November 20, 2018
Narrative has long been used in e-learning, but the continual development of virtual reality is opening up new opportunities to make gamification more effective. VR lends itself particularly well to ‘narrative’ elements of gamification. It can completely immerse the learner in the environment and the task at hand, allowing them to observe or even become the main character in a learning exercise.
Creating A Narrative
‘Narrative’ involves using the structure of a story to make learning more attractive. A decent narrative has a protagonist; a relatable character who will go on a journey, an antagonist; the challenging circumstance or events to be overcome, and a plot; the sequence of the events within a particular setting.
In e-learning, the narrative is often conveyed as a scenario. The scenario should follow the format of a story with:
Setup/Introduction – The character and the environment are introduced, and the character sets off on their journey. This works perfectly during the induction or first training module, as the learner will be able to relate to the character being ‘lost’ in their new environment.
Confrontation – This is the middle of your story. The character is faced with antagonising challenges which they must solve, and the plot may involve twists and turns to keep the learner engaged. Minor victories can occur and the character can grow and develop, just like the learner will be doing during this stage.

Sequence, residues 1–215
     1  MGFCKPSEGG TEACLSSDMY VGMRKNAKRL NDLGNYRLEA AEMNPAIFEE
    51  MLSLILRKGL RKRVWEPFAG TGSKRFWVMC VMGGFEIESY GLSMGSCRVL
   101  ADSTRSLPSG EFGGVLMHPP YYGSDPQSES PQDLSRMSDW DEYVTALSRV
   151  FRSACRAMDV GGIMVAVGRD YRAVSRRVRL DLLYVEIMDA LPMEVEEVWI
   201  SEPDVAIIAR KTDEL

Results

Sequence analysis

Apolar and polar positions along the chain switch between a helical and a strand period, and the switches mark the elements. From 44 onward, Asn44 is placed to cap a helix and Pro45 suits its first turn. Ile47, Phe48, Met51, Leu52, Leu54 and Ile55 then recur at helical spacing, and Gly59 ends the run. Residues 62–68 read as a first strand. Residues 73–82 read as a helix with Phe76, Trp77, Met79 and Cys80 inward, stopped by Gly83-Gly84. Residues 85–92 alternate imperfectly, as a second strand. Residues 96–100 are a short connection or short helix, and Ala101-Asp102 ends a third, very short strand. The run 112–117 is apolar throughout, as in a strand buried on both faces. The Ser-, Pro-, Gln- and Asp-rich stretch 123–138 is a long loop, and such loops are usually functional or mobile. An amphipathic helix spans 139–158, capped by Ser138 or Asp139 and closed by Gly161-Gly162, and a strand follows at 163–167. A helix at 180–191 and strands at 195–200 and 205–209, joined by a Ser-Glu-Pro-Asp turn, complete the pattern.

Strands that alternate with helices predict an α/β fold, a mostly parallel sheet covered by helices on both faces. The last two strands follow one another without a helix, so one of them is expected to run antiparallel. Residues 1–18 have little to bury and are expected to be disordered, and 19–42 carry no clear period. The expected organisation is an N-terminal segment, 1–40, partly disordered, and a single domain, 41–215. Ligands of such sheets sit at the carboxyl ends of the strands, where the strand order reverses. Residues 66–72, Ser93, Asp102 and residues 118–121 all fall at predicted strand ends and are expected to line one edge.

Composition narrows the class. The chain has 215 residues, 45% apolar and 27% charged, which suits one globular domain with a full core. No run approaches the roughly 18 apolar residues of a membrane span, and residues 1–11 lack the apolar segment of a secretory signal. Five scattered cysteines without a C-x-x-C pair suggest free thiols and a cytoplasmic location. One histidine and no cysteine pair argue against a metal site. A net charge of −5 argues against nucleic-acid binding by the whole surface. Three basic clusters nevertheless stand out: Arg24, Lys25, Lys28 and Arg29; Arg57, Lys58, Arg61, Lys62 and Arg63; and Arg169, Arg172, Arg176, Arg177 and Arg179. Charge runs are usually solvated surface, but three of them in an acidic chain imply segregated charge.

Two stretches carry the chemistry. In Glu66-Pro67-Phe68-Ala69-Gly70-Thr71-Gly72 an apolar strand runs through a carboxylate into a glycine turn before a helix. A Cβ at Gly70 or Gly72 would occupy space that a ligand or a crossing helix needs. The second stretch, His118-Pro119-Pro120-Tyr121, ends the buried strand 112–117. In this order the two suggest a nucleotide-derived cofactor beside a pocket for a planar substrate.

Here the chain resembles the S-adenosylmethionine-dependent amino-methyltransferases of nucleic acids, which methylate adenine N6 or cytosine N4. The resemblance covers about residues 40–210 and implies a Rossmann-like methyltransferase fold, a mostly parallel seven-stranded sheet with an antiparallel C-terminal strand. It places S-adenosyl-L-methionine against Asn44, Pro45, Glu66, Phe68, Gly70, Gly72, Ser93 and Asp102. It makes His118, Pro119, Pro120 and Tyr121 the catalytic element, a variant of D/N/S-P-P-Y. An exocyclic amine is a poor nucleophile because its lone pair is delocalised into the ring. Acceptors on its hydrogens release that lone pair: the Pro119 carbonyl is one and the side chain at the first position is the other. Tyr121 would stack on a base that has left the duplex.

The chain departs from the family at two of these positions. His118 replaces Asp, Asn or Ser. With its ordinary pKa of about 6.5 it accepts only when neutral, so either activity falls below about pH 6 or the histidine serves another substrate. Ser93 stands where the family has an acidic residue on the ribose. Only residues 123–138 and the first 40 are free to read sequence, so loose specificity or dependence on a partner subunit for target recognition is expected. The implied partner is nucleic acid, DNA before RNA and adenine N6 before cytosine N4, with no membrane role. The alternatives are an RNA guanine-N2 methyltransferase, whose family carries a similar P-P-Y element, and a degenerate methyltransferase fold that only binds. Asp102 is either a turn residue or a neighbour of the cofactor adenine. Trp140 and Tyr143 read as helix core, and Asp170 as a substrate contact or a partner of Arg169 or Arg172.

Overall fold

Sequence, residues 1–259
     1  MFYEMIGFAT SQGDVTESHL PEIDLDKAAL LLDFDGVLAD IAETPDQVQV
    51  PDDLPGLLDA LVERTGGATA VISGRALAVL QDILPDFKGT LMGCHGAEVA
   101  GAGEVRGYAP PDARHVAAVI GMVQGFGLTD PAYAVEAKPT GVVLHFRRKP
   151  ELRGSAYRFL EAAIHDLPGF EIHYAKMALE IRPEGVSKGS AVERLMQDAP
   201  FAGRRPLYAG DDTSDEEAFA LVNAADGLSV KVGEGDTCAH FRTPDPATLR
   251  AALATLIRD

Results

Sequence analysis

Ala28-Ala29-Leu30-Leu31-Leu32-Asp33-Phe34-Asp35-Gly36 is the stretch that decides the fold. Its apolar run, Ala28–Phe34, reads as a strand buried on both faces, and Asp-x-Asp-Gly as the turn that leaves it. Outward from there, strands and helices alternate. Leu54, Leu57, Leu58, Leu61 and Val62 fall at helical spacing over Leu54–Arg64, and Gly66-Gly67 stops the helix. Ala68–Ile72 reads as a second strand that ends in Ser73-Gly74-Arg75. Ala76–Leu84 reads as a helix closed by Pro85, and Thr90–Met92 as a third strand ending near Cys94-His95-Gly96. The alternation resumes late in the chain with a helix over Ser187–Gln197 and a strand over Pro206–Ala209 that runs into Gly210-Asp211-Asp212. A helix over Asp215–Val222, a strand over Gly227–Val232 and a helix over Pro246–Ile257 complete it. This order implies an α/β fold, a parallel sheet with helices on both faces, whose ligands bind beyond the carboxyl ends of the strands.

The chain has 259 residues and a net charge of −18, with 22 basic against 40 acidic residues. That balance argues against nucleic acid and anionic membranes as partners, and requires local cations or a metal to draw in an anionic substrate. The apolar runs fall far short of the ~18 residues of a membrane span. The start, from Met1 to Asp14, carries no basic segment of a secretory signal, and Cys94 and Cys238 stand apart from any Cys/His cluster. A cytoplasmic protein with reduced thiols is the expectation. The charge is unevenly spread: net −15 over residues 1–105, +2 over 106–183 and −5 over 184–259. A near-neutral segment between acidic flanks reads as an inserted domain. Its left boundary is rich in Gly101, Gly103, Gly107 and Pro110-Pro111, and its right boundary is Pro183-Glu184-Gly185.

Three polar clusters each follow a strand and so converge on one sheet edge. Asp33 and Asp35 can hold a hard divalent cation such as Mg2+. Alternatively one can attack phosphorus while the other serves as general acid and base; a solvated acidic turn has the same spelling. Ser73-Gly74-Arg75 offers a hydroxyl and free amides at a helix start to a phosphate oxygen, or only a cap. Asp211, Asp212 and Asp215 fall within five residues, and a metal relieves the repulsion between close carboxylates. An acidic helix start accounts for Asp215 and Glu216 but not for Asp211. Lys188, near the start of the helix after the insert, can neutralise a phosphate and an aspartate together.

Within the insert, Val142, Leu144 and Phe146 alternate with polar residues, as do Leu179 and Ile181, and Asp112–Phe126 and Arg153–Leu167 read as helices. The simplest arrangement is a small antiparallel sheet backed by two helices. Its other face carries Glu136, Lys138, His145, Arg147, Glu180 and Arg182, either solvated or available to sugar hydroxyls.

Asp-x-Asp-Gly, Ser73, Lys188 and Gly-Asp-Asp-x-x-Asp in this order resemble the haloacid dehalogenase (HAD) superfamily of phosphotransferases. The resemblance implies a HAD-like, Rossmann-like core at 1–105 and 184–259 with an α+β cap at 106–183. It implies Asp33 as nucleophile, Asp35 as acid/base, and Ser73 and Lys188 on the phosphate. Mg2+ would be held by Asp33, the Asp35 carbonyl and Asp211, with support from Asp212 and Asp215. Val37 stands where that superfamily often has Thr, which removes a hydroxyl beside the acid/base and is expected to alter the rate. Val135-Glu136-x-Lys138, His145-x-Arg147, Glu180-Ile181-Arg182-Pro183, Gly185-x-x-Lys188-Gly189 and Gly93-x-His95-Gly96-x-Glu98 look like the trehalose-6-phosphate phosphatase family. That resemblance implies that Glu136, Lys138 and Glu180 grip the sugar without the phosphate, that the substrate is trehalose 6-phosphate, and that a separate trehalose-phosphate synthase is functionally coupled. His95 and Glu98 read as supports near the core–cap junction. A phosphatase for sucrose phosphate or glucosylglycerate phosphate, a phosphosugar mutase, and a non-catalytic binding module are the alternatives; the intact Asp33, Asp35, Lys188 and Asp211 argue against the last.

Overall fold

Resolution – During the resolution the protagonist has grown in a significant and hopefully relatable way. They have overcome the obstacles of the previous stage, and the learner feels this in their sense of reflection on their own experience. The end of the course can point towards new ‘chapters’ for the learner to explore.
This kind of story-based narrative has been used effectively in a number of industries, most commonly as a direct reflection of the training at hand. For example, if you are teaching coding, you could create a narrative in which the main character has to solve a mystery by using various coding techniques.
In the healthcare industry, the LifeSaver: Crisis Simulator uses story and scripting to teach pulmonary resuscitation, while the Nobel Media blood typing e-learning module uses consequence-style feedback to teach blood transfusions. In both cases, the learner plays the role of the character who is treating patients.
A recent study has suggested that gamification does not necessarily lead to more effective learning, but rather certain elements of game design have particular psychological effects. A strong narrative has been linked with social relatedness, which aids internal and extrinsic motivation by helping learners to feel more secure and understood.
To create your own narrative, consider and identify your organizational or training goals, and relate the story directly to these. Use a strong premise and create an immersive world which can evolve and a character who can grow. Keep it simple so that the story does not overshadow the learning, and remember that learning is a continual process. The story should not come to a definite end, but should leave room for more ‘chapters’ (modules).